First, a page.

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Accident at Astoria Home Injures 3 Construction Workers

A contractor and site superintendent were suspended following the June 20th collapse of thousands of pounds of building material from the roof of a Queens building, which trapped and seriously injured three construction workers. In response to the disaster, the city has issued suspensions to the general contractor, Ideal Builders and Construction and its site superintendent, Fazal Hassan.

The Department of Buildings (DOB) alleged that the company failed to exercise reasonable care by circumventing standard safety procedures in favor of expediency and lower costs while performing a third-story addition to the Astoria home. Representatives of DOB believe that the superintendent permitted workers to load both cinder blocks and pieces of heavy equipment onto the third floor in an inappropriate and unsafe manner. The third floor, which was newly built, was not secure enough to uphold the weight of the materials as they were loaded and the floor gave way, sending heavy building materials smashing down on the floors below. 

As a result of the roof failure, three construction workers were trapped and seriously hurt. In one case, a member of the work crew was stuck under a piece of building material for almost two hours. DOB investigators believe that Hassan, the superintendent of not only this but of 10 other sites, did not first asses the third floor as he should have to ensure that it was capable of supporting heavy weight loaded in an improper manner. 

The superintendent's perceived carelessness has led to the DOB stopping work at approximately 60 other buildings at which Hassan had worked. Despite this incident being the first in which an injury at one of Hassan's sites was actually reported, DOB representatives say that both he and the contractor by which he is employed, Ideal Builders and Construction, are guilty of at least 14 violations of public safety. 

In addressing the matter, DOB commissioner Rick Chandler stated that "Mr. Hassan and his firm neglected their duties on this and other construction sites and showed disregard for the lives of workers and the public." 

Chandler's statement comes at a time when the number of preventable deaths and injuries are at an all-time high in the construction industry in New York City. 

Chandler further stressed that "bad actors in the construction industry need to get the message: the City will not tolerate those who endanger people's lives." 

The length of Hassan's suspension is to be decided in a hearing with the city's Office of Administrative Trials and Hearings (OATH), according to a spokesman with the office. As more facts come to light regarding the specific course of events and safety violations that led to this tragic and utterly preventable event, we must consider why this keeps happening:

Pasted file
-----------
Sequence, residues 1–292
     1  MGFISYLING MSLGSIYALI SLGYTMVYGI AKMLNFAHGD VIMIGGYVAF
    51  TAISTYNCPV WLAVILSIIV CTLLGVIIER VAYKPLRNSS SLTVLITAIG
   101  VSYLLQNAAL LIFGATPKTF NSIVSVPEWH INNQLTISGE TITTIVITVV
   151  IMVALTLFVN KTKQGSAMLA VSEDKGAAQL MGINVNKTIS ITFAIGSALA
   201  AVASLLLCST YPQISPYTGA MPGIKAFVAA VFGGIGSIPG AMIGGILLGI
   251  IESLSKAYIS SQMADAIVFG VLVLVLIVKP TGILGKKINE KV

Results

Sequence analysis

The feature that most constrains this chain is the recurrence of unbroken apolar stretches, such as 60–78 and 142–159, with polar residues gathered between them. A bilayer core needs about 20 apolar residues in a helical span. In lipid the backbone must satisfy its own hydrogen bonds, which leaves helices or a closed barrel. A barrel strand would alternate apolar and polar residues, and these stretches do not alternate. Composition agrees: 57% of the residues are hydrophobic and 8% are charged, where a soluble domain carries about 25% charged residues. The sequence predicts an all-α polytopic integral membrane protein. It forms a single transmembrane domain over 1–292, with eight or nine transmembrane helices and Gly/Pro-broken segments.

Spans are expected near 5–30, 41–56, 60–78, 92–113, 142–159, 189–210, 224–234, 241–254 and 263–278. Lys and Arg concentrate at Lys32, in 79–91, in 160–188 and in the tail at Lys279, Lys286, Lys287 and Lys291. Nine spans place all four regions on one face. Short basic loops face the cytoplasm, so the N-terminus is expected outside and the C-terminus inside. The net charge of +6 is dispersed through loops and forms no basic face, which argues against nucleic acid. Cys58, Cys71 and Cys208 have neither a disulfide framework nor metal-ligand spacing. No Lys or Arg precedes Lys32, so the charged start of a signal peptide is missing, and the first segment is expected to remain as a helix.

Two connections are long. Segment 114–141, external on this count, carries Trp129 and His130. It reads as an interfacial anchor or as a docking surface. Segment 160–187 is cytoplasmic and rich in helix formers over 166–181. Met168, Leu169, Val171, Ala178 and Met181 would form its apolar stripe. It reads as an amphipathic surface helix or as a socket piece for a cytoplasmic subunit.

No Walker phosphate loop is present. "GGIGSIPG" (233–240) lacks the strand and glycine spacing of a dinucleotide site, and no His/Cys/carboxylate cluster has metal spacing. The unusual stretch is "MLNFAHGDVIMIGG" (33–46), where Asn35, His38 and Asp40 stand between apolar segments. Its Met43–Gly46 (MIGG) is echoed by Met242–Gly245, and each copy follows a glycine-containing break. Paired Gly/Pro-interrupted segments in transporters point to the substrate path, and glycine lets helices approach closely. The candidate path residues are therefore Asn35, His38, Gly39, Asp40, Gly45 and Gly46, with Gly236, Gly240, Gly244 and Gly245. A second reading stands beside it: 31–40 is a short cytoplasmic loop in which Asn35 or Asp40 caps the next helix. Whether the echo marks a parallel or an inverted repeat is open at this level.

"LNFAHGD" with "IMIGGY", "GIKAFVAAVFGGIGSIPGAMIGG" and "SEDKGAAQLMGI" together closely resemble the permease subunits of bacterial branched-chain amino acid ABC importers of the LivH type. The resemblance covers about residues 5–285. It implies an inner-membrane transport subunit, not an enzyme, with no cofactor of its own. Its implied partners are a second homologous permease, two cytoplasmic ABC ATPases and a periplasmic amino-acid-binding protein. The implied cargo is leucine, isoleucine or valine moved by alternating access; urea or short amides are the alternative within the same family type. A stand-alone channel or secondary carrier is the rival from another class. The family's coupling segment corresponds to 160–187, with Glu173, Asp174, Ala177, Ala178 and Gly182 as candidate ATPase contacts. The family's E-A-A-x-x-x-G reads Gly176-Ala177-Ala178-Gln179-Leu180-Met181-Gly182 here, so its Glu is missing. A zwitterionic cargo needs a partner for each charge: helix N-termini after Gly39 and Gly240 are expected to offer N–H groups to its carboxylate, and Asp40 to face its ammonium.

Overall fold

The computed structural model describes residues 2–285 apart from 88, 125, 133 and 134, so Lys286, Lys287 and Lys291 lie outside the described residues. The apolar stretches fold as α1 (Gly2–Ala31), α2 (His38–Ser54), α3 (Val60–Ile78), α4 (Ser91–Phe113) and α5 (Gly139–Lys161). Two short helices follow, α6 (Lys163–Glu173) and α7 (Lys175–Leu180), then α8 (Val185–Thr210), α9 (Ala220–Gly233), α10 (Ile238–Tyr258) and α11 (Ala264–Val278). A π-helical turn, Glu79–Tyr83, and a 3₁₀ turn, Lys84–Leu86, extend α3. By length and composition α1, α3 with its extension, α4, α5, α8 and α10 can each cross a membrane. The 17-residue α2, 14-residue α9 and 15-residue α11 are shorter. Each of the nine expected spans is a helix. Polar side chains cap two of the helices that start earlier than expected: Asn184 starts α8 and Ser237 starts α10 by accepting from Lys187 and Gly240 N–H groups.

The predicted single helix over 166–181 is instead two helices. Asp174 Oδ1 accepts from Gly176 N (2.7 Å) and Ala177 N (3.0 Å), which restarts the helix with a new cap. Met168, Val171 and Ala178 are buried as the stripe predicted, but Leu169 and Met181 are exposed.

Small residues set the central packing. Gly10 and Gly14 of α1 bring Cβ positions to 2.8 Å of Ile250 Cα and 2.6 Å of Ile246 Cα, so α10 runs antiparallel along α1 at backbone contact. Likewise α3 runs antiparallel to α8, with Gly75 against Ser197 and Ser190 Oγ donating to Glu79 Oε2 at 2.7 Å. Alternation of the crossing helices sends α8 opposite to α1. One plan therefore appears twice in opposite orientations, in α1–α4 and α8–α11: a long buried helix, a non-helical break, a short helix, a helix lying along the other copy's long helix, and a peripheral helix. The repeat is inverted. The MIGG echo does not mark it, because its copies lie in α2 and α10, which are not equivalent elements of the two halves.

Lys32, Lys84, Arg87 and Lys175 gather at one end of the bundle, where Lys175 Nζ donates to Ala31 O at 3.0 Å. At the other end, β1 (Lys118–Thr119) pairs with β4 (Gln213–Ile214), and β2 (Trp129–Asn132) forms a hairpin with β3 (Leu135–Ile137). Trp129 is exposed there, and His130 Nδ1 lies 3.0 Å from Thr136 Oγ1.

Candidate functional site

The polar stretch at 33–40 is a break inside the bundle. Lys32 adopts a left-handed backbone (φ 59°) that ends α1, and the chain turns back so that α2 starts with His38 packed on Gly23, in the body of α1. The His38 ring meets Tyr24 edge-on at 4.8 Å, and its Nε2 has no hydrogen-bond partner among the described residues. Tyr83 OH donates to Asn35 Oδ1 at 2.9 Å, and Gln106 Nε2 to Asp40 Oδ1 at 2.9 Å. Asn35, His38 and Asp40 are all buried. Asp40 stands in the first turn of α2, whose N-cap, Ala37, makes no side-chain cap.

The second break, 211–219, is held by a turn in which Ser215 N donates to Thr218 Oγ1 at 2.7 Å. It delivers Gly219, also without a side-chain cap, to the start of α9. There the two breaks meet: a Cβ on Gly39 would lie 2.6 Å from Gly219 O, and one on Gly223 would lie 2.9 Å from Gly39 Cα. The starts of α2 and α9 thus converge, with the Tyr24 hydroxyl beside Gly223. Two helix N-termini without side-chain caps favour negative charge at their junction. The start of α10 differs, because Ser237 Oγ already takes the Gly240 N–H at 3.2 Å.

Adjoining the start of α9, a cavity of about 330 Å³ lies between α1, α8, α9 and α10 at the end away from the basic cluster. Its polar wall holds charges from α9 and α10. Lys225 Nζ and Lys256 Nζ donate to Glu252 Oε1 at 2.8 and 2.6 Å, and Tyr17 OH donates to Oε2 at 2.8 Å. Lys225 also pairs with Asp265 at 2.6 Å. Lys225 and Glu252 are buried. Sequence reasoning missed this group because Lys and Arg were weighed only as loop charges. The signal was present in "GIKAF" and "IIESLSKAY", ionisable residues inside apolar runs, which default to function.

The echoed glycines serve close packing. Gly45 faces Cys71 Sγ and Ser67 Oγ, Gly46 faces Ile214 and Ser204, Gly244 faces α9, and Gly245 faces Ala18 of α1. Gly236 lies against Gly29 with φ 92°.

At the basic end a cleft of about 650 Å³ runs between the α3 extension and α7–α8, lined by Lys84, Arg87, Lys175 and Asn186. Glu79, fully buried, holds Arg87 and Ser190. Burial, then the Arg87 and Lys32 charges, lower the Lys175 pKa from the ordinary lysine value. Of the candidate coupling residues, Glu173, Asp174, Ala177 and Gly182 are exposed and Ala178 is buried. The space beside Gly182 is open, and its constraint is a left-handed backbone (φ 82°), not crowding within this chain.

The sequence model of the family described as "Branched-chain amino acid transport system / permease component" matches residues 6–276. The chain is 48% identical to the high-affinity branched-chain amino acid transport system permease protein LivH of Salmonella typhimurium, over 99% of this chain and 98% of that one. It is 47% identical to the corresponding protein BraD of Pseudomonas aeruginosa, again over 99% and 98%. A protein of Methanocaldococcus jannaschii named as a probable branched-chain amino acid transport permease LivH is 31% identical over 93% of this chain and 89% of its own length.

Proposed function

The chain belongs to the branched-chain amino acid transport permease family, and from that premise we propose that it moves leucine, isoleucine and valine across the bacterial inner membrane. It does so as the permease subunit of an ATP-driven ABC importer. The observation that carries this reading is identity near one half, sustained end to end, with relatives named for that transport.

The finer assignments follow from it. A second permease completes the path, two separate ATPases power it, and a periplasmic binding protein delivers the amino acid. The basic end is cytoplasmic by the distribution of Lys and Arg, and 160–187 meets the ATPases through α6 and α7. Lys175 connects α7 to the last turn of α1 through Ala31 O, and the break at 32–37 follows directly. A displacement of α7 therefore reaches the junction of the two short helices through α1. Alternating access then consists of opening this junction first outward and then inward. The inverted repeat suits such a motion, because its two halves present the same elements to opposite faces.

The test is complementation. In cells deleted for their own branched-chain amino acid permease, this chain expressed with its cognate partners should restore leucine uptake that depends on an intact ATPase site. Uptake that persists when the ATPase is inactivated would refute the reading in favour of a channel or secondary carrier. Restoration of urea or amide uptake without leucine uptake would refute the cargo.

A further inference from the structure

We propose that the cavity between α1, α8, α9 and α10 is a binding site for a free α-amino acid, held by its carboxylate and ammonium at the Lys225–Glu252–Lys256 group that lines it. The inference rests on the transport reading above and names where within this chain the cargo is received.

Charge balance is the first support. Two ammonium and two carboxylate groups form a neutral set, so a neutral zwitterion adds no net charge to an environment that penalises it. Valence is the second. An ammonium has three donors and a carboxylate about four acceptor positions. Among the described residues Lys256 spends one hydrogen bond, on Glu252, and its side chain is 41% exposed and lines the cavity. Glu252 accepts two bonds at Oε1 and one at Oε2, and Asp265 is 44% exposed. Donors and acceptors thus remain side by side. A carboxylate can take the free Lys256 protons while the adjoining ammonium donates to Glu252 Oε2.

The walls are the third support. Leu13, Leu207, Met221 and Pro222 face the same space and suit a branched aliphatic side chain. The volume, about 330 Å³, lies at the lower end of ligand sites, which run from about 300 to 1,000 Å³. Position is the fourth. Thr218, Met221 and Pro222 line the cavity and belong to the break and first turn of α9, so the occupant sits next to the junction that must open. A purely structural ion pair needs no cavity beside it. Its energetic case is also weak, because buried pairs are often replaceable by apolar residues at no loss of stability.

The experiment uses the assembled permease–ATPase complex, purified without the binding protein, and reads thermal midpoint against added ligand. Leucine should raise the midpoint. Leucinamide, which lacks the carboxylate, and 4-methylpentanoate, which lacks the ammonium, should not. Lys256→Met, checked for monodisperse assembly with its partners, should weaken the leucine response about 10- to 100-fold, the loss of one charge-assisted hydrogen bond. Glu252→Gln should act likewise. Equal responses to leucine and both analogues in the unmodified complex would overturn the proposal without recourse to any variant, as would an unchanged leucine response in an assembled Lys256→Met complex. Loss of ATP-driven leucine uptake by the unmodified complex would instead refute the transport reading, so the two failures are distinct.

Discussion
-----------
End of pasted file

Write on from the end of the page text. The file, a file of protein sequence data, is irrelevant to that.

• How frequently do such unsafe practices occur on similar sites? 
  • What other sorts of violations are occurring on similar sites? 
  • What are the main motives for site supervisors in committing safety violations? 
  • What regulations/punishments can be imposed to reduce any incentive to "cut corners" and/or to encourage strict adherence to safety standards?

One thing is clear: the current legislation and workplace practices have been doing little to prevent construction worker injuries in the city. According to the most recent summary published by the DOB, there have been 189 accidents leading to 196 injuries through just May of this year

Though these issues may seem obvious and many might wonder how much safety violations still occur so prevalently, owners and contractors often demonstrate profit-first mentalities, sacrificing worker welfare for increased margins. As advocates for construction worker rights, the attorneys at Block O'Toole & Murphy remain committed to championing the rights of workers and protecting them from unscrupulous practices by superintendents and site owners. 

New York City has long been characterized by skyscrapers that pierce the sky, giving the city its reputation as a "concrete jungle". As the population grows and the city becomes denser with people, there will certainly be a push for construction projects that stretch the city vertically. Despite the ostensible necessity to continue to build New York to greater heights, it is paramount that we remember to promote the safety and welfare of the workers that make such great projects possible. 

If you or anyone else has experienced a workplace injury, our attorneys are available for free consultations and are happy to discuss any questions that you might have. Block O'Toole & Murphy lawyers are experienced in litigating construction accident cases and have recovered numerous verdicts and settlements for injured workers

Please call 212-736-5300 or fill out our contact form for a free legal case review.